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From Florian Müller <f...@apache.org>
Subject Re: Chunked transfer encoding
Date Fri, 10 May 2013 13:30:09 GMT
 Hi Carlo,

 Please go ahead and make a proposal. Submit a patch that sketches your 
 ideas. It doesn't have to be complete and running.
 It's easier to talk about something concrete rather than discussing 
 about generic topics.

 - Florian



> Hi Florian,
>
> it's not my intent to start a flame war, and we can continue offline 
> if you
> want. To the interest of the list, I'll just write here some of the 
> reasons
> behind my previous comment, and wait until I have some patch ready to 
> prove
> my points before bothering you guys again with my ramblings.
>
> I understand your remark on the spec compliance, and that interop is 
> at
> stake when you allow the protocol details to be modified. BUT...
>
> - There's much more to HTTP than what CMIS specifies, and Chemistry 
> is
> currently in charge of handling the transport protocol on top of 
> which CMIS
> expresses itself.
>
> - No extensibility means that backporting of fixes might be a no-go. 
> For
> example, if I now upgrade Chemistry to the latest trunk my code 
> doesn't
> compile anymore. Subclassing would be the best way to integrate your
> changes in the version I use, but that's not available to me.
>
> - The CMIS spec is (hopefully!) not fixed and will evolve with time.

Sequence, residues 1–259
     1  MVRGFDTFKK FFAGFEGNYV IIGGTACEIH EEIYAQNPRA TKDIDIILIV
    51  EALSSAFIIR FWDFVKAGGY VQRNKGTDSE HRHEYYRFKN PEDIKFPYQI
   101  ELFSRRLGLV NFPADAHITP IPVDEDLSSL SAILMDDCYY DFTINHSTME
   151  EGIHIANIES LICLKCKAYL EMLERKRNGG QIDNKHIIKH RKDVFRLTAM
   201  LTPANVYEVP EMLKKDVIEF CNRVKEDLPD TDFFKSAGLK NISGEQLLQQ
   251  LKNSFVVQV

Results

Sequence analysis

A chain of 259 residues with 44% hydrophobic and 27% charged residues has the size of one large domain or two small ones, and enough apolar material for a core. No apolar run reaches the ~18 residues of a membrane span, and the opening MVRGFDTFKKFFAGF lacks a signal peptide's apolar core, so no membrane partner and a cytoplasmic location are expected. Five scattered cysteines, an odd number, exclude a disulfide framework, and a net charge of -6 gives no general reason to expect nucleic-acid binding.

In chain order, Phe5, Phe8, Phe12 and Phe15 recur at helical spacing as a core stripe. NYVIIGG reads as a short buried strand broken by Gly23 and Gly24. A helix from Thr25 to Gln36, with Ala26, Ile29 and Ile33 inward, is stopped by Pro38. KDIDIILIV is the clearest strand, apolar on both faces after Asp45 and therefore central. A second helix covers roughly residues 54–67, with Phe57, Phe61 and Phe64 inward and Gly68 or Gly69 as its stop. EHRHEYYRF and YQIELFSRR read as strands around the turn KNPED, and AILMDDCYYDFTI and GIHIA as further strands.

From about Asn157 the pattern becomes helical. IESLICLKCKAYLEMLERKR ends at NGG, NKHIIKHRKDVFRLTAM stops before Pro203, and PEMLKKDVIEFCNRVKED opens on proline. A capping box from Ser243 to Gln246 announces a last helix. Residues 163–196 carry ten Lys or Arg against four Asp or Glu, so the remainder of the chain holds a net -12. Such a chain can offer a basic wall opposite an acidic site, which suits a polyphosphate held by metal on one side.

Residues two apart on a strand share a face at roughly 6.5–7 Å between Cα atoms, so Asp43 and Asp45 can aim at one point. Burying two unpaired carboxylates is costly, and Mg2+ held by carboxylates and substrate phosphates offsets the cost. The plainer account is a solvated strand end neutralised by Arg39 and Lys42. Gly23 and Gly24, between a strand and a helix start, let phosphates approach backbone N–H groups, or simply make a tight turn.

> OO
> could help greatly e.g. to support different versions of the protocol 
> with
> a single serve instance, which is painful to implement cleanly 
> following
> the current code approach.
>
> - Spec extensions are not evil per se. While they might indeed break
> interoperability, they're also a way to open the protocol itself to
> experiments and eventually drive a community based evolution of it.
>
> - Interop is not always the top priority. CMIS and Chemistry provide 
> a lot
> of value OOTB, and I don't see why proprietary extensions should be 
> denied
> by principle. Why shouldn't I have the possibility to write a custom
> extension to improve e.g. content delivery capabilities
> (getContentStreamByPath, anyone?), while still retaining full 
> protocol
> compliance for B2B data exchange?
>
> If you made it to here, a big thank you for your patience.
>
> Hope this helps,
> c.
>
>
>
>
> 2013/5/8 Florian Müller <fmui@apache.org>
>
>> Hi Carlo,
>>
>> This code is not meant to be extensible. The CMIS standard is fixed. 
>> There
>> will be no additional services or operations. Also, the semantics of 
>> the
>> parameters will not change or have to be changed. Any extensions 
>> would
>> bypass the specification, which would be a pain for clients and 
>> doesn't
>> help interoperability.
>> All methods that handle requests are stateless, isolated pieces of 
>> code.
>> OO doesn't help here. And the alternative to reflections would be a 
>> 120
>> lines if-statement. I can't see the advantage of that.
>>
>> Also, this part is considered internal code and may change at any 
>> time.
>> OpenCMIS provides a lot of extensibility on the client side and